School Traditions from around the Globe

This month, around 1.8 billion children across the world have started a new school year, some for the very first time. No matter your race, creed or culture, the first day of school is a significant one and different countries have an array of traditions to mark the special occasion. If you’re planning on moving your family abroad here’s a taster of the traditions your children may enjoy.

In Russia, September 1st is called the Day of Knowledge, where children present their teachers with a bouquet of flowers. Formal attire is worn by all who participate. The day is so culturally significant that, even if it falls on a weekend, the children and their families will still attend. The day includes puppet shows and entertainment and the ceremonies end with the ringing of the first bell, which heralds the start of the new school year.

In Germany and Austria, students are gifted with their schultutes, cone-shaped containers. Traditionally they were filled with sugary snacks to help make school a little sweeter, but as time went on, these gifts, often given by grandparents, have become more practical in holding items that will be used in the coming school year.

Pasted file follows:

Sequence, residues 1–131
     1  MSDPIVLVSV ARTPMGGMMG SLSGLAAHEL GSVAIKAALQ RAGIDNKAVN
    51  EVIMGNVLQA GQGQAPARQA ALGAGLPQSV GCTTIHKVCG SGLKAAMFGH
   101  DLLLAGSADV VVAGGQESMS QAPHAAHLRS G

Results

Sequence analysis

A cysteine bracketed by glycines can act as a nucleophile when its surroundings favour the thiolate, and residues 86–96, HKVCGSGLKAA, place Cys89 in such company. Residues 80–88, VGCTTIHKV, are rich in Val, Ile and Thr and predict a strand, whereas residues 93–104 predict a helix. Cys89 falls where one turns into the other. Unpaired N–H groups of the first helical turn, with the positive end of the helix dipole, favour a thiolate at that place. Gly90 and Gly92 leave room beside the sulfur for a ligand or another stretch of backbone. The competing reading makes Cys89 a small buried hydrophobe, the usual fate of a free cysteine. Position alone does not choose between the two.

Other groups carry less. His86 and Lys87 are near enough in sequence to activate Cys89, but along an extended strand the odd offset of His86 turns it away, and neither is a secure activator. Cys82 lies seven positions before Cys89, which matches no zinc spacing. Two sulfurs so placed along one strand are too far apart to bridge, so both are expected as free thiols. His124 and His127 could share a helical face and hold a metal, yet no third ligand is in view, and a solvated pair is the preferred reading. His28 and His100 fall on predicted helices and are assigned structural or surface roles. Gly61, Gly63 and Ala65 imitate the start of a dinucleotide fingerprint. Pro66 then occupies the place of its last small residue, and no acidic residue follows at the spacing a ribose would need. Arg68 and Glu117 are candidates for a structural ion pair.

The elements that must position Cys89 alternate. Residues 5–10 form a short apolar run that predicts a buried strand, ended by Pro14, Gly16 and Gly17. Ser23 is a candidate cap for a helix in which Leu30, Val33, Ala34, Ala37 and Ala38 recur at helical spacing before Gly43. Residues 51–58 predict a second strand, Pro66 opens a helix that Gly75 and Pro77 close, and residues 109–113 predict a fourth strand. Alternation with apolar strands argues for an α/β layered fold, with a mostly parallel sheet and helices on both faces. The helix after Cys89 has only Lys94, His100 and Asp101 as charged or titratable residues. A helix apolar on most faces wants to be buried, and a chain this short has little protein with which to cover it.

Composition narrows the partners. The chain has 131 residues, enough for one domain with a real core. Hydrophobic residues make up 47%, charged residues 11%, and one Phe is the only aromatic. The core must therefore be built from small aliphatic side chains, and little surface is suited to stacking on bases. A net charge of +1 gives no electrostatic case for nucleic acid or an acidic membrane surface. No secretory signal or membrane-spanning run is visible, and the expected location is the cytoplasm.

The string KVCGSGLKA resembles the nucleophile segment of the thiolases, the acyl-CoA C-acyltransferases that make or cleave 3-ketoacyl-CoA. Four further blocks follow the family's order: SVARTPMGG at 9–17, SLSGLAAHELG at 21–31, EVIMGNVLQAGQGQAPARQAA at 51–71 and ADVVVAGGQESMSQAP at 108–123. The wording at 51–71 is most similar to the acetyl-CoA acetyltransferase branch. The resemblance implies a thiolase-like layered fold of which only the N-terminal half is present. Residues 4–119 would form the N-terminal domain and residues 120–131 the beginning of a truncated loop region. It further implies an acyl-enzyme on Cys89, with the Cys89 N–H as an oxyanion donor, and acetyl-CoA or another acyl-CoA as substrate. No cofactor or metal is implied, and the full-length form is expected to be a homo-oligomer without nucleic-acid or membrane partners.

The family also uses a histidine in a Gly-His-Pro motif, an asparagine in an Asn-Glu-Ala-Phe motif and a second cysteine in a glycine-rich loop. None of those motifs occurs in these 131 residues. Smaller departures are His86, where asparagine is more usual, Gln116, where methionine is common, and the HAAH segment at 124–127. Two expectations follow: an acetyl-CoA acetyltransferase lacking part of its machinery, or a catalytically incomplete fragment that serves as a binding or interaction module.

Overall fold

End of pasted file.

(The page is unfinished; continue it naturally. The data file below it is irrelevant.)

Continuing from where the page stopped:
In Japan, children on their very first day of school receive randoseru: backpacks which will last them through their primary school years. They are durable and considered great keepsakes for people to remember their childhood. They are often passed down from one family member to another. In some cases, pieces of the randoseru are used to make a pencil case that children will use in their further education.

In the Republic of Kazakhstan first day pupils bring a single flower for their new teacher. While combining each child’s flower, the teacher forms a beautiful bouquet, a symbol of growth and fresh hopes for the coming school year.

In India, Praveshanotsavam, or “Admission Day” signals the beginning of the new school year. Gifts are swapped as the children celebrate a new school year. As the Indian school year begins during monsoon season, a common gift is an umbrella.

Italian children wear their work coats to school on their very first day. Resembling smocks, these special uniforms have different coloured ribbons pinned to them to indicate which year they are entering. Although these colours differ from school to school, final year primary school pupils wear white, green and red ribbons: the colours of the Italian flag.

However, traditions spread further than just the first day, and different nations’ school terms differ wildly to those you may be used to.

In Australia, for example, students take their summer vacation during the Northern Hemisphere’s winter. Australian school years begin in late January and continue until the middle of December.

Hardworking Chinese students begin their lessons at 7:30 and finish around 5 p.m. Besides a lunch break, the children work non-stop to achieve their academic goals. Conversely, laid back French students commonly have Wednesday off school, replacing the full day for a half day on Saturday.